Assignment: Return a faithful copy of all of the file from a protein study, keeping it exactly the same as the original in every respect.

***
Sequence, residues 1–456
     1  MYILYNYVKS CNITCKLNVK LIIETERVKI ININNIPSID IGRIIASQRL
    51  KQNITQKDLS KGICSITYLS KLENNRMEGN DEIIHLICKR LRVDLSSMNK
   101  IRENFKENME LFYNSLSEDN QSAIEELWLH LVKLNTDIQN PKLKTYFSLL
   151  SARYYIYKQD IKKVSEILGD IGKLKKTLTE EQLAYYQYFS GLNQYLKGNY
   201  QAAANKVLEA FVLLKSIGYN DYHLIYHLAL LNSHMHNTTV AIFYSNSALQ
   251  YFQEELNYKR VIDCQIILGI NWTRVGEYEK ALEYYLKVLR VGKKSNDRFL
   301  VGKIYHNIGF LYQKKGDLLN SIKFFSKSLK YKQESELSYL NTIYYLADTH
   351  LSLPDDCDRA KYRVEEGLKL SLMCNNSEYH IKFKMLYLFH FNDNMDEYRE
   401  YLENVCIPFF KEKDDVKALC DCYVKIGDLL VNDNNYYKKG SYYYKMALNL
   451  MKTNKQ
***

Sequence, residues 1–456
     1  MYILYNYVKS CNITCKLNVK LIIETERVKI ININNIPSID IGRIIASQRL
    51  KQNITQKDLS KGICSITYLS KLENNRMEGN DEIIHLICKR LRVDLSSMNK
   101  IRENFKENME LFYNSLSEDN QSAIEELWLH LVKLNTDIQN PKLKTYFSLL
   151  SARYYIYKQD IKKVSEILGD IGKLKKTLTE EQLAYYQYFS GLNQYLKGNY
   201  QAAANKVLEA FVLLKSIGYN DYHLIYHLAL LNSHMHNTTV AIFYSNSALQ
   251  YFQEELNYKR VIDCQIILGI NWTRVGEYEK ALEYYLKVLR VGKKSNDRFL
   301  VGKIYHNIGF LYQKKGDLLN SIKFFSKSLK YKQESELSYL NTIYYLADTH
   351  LSLPDDCDRA KYRVEEGLKL SLMCNNSEYH IKFKMLYLFH FNDNMDEYRE
   401  YLENVCIPFF KEKDDVKALC DCYVKIGDLL VNDNNYYKKG SYYYKMALNL
   451  MKTNKQ